No one lingered after the 12:10 Mass. The breezes that spun through the open stained glass windows whispered of an August day too wondrously crisp and cool to be inside.
“What can I do to help you get out sooner?” I asked the sacristan.
“Could you close the windows?”
I found the pole and started down the south aisle. The light streamed through the canted stained glass, and I paused for a minute to read the names inscribed along the bottom of each century-old pane. “William and Margaret White” under St. Patrick and St. Bridget; the Ancient Order of Hibernians made a gift of St. Rita and St. Nicholas of Tolentine.
Each window gently puffed as I swung it closed. “Peace be with you” they seemed to say, blessing me over and over again as I worked my way around the periphery of the sanctuary.
I am reminded of a line from “Sainte-Chappelle” by Eric Whitacre, a choral composer famous for his intricate a cappella works: Et angeli in vitro molliter cantaverunt. “And the angels in the glass softly sang.” Whitacre’s piece tells the story of a young girl visiting Sainte Chappelle, a medieval gothic church in Paris renowned for its striking stained glass windows.
The girl hears the angels in the windows softly singing “Sanctus, sanctus.” Her voice and theirs twine until the light itself sings, “Lord God of Hosts, heaven and earth are full of your glory.” The score is crystalline, I can hear the dust motes dance in the light that streams through the windows, the stone walls of the church itself sing.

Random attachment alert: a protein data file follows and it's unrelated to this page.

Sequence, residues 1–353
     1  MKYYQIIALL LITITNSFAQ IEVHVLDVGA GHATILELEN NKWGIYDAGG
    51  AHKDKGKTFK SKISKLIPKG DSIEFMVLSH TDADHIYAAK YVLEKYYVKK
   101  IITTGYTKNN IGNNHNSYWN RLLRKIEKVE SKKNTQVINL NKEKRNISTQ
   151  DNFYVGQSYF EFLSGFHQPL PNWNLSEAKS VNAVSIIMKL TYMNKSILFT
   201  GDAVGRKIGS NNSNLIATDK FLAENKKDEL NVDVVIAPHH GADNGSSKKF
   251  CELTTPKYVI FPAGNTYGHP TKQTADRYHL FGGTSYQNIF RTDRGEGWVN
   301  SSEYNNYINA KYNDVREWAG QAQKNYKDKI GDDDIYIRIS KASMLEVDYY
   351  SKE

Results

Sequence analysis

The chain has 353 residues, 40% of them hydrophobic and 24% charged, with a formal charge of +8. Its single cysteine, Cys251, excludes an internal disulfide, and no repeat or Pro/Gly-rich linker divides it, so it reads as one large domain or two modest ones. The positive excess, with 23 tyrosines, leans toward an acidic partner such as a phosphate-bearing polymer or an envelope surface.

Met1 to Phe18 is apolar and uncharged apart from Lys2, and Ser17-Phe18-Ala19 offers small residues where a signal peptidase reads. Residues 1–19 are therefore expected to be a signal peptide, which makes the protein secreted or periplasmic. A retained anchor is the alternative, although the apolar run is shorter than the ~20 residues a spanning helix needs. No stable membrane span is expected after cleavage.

Even a silent chapel has something to say to us. The design of a church is meant to both speak to us of God’s saving work and to encourage us to speak to God in return. Images, whether frescos or stained glass windows, facilitate these conversations.
St. John Damascene, an eighth century Syrian monk, wrote that holy images move him “to contemplation, as a meadow delights the eyes and subtly infuses the soul with the glory of God.” The Catechism of the Catholic Church reminds us that light and darkness speak to us of God .
Stained glass windows sing to us of the company of faith to which we belong: the angels, the saints, the artists who take light and darkness and bend them into a shape that moves us closer to God, the people who supported these artists financially and in prayer as they worked.
Next time you find yourself in a quiet church, see if you can hear the soft voices of the angels and saints in the glass singing, then join your voice with theirs in hymns of praise, thanksgiving and supplication. Et lumen canit. For the Light sings.
Read the story of the angels in glass (as sung in the Latin or the English translation) here.
Listen to an excerpt of Eric Whitacre’s luminous Alleluia and hear him talk about the composition of Sainte-Chappelle (along with some snippets of the music).
Take a virtual tour of the Sainte Chappelle sanctuary.
Michelle Francl-Donnay is a member of Our Mother of Good Counsel Parish, Bryn Mawr.
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